After years of planning and construction, Allianz Field in St. Paul is nearing completion — but negotiations with local leaders, residents and business owners are far from over.
City Council members and neighborhood leaders are calling on Minnesota United to pay into a “community benefits fund” to support the people who live and work near the stadium. Though there are few details at this point, officials say whatever the fund pays for — whether it’s public art, facade improvements for small businesses or cleanup after major events — will be based on what residents want.
More than 50 people attended a meeting about the fund on Wednesday evening at Midpointe Event Center, located in the shadow of the stadium.
“We are all here in this room because we love our city, we love our community, and we love the Midway and we love the people who make up this whole area we call home,” said Council Member Mitra Jalali Nelson, whose ward is adjacent to the stadium. “Even as things change and as we are seeing our community evolve, us coming back together like this helps us be clear about what we want.”
How much money will go into the fund, and how that money will be used, has yet to be decided. In other cities, community benefits funds have paid for affordable housing developments and scholarship programs. Council Member Dai Thao, whose ward includes the stadium, said he wants the fund to provide jobs for young people.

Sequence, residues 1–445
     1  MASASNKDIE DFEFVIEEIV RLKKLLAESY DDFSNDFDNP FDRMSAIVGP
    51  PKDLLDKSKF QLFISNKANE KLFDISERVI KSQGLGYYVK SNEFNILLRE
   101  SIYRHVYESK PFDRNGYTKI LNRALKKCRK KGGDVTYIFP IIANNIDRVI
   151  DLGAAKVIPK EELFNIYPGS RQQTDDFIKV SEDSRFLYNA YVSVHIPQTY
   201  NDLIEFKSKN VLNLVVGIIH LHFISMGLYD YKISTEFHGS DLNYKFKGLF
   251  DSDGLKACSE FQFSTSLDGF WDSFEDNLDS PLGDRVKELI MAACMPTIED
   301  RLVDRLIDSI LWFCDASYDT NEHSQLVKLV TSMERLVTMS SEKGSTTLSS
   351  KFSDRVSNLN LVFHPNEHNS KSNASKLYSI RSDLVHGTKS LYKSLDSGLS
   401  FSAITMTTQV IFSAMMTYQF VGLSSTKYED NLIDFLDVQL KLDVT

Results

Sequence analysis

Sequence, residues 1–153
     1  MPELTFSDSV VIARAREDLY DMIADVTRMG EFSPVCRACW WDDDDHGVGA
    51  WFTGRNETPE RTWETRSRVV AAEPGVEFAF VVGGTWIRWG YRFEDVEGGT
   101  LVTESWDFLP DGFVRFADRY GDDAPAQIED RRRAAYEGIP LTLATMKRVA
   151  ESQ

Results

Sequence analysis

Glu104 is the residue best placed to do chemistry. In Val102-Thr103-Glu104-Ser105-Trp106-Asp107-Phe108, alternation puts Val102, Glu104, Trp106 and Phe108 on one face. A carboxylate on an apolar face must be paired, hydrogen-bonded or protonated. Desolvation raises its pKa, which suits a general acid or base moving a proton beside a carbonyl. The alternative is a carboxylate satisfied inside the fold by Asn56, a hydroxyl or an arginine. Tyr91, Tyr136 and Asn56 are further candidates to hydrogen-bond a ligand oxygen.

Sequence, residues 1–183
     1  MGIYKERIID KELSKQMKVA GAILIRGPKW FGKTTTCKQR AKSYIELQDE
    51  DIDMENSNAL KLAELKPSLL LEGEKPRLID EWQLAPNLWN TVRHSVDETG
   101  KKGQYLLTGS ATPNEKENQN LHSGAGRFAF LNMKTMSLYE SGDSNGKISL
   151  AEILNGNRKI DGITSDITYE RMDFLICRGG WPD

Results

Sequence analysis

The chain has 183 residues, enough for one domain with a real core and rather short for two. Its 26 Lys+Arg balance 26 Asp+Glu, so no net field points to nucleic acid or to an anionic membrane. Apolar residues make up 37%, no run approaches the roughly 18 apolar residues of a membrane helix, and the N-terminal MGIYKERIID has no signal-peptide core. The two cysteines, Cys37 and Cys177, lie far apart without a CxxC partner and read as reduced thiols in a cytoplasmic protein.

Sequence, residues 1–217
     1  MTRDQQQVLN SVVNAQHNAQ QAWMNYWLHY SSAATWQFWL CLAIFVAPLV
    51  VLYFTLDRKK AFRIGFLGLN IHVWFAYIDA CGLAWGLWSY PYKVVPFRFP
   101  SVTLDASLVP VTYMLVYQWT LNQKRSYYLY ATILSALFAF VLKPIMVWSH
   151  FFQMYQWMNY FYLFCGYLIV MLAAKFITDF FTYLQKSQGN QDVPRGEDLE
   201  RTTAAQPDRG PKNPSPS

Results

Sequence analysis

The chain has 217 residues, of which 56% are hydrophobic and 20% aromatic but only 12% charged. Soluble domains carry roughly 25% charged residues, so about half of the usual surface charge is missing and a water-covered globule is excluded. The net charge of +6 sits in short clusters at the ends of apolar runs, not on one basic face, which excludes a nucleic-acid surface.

A Minnesota United spokesman did not respond to requests for comment.
When the City Council approved the stadium in 2016, council members floated the idea of a fund to address issues that might arise. In a resolution, the council called for a task force to be created to figure out the details of the community fund, including who will contribute and oversee it.
The task force, which includes representatives from the neighborhoods surrounding the stadium, started meeting over the summer. The group aims to submit a proposal to Minnesota United in January, said Hamline-Midway Coalition Secretary Mike Reynolds, who serves on the task force.
Wednesday’s meeting was the first chance for community members to share their ideas.
Wes Burdine, a Hamline-Midway resident who recently opened The Black Hart of St. Paul on University Avenue, said he’d like to see the fund incentivize small businesses to fill empty storefronts.
“This is a great opportunity to really think about how this neighborhood can change for the good,” he said.
The goal is to create a resource the community can draw from long after the stadium opens, said task force member Megan Conley.
“Whatever issues or whatever challenges we may face in the first two or three years are going to be different from year 12 or 13,” she said. “A community fund with a long-term perspective is really what we’re looking at.”
To complete an online survey about the community benefits fund, visit bit.ly/2r6kF9I.